I let the warm grains of sand sift between my fingers and float toward the ocean with the breeze. I’ve never been here, but I know this place well from her stories. I close my eyes and listen to the rhythmic white noise of water colliding with the beach. Filling my lungs with air, I notice the brininess. No wonder she loved it here.
I open my eyes and shade them with the palm of my sweaty hand, watching as the dancing specks of sea glass disappear against the ocean. I imagine each is a moment she lost to cancer. What would today look like with her beside me, if sickness hadn’t taken her so swiftly?
Despite the heat, my arm hair rises like hundreds of tiny waves and blood crashes against my veins. I know she’s been here before, because she’s told me. But I can also feel it.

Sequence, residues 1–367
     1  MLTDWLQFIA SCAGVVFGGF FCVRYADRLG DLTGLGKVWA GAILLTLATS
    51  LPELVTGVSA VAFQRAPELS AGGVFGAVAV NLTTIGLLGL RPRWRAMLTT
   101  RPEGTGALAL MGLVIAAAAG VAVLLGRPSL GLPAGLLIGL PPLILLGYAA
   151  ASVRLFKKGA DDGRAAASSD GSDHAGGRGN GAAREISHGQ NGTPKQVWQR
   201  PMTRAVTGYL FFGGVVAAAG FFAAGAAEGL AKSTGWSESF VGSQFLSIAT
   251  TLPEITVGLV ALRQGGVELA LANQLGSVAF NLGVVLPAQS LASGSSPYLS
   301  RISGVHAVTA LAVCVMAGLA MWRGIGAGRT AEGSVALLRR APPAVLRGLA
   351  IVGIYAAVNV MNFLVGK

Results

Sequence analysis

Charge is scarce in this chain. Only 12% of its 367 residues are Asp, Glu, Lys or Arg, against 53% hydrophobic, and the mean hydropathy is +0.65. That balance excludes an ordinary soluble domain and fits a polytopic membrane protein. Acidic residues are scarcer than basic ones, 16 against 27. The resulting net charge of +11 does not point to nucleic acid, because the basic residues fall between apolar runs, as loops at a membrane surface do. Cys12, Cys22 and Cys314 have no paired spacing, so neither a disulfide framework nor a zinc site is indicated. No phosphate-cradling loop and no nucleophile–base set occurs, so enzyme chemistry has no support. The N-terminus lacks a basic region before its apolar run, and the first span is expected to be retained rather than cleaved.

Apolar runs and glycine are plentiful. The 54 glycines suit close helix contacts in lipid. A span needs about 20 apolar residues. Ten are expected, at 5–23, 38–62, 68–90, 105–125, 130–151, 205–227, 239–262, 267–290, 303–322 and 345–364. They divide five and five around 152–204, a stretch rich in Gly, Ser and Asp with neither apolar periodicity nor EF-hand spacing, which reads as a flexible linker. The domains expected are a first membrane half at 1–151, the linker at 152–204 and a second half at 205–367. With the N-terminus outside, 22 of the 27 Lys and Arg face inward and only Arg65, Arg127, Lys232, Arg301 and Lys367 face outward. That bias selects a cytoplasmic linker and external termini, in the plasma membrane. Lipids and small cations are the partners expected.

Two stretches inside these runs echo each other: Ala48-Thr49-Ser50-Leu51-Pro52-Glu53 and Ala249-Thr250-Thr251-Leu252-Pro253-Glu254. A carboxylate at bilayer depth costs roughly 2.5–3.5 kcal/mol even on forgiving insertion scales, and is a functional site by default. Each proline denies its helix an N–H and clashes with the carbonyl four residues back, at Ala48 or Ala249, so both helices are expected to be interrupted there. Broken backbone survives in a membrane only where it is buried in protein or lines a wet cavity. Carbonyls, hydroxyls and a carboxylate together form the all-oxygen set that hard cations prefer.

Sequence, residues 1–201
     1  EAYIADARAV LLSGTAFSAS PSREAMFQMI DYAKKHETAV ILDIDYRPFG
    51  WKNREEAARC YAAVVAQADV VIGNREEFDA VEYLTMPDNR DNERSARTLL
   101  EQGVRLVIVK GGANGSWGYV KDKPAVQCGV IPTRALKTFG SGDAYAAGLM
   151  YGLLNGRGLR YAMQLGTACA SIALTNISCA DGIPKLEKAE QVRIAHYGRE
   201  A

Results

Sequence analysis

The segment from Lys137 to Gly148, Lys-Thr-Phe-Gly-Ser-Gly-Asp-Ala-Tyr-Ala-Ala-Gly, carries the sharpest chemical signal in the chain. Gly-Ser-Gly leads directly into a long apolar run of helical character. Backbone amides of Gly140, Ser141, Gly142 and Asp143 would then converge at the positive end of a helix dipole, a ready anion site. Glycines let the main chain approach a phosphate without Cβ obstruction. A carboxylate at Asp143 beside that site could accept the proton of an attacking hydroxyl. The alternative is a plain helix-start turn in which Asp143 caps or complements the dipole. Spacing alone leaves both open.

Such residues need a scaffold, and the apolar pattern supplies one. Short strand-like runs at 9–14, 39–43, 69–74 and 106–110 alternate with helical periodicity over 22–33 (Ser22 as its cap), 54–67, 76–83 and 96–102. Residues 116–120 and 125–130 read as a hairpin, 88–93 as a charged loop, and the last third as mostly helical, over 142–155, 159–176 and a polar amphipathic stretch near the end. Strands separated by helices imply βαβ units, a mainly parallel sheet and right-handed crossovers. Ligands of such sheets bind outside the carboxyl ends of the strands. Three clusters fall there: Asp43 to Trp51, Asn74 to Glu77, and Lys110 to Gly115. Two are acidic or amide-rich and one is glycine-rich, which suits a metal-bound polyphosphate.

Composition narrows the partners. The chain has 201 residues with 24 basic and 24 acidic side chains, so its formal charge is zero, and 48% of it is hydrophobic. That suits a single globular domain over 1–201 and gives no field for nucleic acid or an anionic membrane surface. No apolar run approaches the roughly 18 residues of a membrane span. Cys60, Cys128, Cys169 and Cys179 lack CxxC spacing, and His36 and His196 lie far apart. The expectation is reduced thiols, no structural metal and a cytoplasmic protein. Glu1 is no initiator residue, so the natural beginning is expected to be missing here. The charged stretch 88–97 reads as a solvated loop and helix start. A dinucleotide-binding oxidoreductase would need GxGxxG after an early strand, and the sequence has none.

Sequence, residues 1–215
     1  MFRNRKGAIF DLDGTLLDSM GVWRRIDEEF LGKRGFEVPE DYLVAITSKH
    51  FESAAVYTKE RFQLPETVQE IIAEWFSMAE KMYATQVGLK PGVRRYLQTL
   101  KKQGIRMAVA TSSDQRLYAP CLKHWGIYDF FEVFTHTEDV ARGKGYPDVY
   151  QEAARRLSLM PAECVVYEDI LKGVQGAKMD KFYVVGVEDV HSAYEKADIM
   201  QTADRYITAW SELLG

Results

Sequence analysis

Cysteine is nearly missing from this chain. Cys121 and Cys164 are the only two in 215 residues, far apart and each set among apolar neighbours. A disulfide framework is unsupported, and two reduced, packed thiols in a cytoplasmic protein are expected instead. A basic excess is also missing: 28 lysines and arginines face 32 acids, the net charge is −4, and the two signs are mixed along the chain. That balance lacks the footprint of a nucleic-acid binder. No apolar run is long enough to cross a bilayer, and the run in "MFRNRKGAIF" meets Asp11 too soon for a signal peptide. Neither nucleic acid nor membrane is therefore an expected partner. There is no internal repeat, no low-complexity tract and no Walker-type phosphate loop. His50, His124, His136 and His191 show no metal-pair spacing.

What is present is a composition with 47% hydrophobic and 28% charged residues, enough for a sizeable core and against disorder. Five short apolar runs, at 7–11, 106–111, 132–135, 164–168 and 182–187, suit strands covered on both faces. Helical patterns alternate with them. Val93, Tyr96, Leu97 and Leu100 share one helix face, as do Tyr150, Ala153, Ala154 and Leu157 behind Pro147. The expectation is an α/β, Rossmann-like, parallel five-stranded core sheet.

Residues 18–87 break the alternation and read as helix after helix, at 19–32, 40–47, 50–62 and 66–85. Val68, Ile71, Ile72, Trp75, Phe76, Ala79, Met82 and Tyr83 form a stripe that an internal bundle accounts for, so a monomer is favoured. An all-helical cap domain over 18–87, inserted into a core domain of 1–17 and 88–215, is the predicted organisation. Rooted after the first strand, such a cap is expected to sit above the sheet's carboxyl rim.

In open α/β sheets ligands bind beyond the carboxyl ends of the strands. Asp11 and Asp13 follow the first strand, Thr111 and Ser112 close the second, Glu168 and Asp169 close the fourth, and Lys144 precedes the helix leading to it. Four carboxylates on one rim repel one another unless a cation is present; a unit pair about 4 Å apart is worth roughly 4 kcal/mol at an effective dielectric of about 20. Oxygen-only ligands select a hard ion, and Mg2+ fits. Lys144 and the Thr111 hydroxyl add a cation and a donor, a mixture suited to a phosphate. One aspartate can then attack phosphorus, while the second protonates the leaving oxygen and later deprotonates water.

Maybe she’s here with me now. A cream-colored shell slowly washes up to shore and stops before my feet. I bend to retrieve it, examine its smooth edges, and toss it in the pink bucket with the others.
Maybe that same sand now floating off to sea once sat beneath her brown legs. I picture her feet stretched out in front of her while she rests under the brazen sun. She’s laughing with friends and casually sipping a rum and Coke (not Pepsi) over ice. Maybe she walked along this very stretch of beach to collect shells as souvenirs, like me.
I imagine her happy, healthy, and young.
A friend once told me that the beach ends where the ocean starts, but that line isn’t distinct. There are still bits of water on the sand and bits of sand throughout the ocean. Maybe that’s life. Maybe our beginning and end are not as abrupt as we think. Maybe there are still bits of her here.
I dust the sand from my hands and blow her a kiss good-bye.
That’s how I’d like to remember her. On a warm beach with a beaming smile and sand beneath her feet.
Before I lost her.
Photo courtesy of Jakob Owens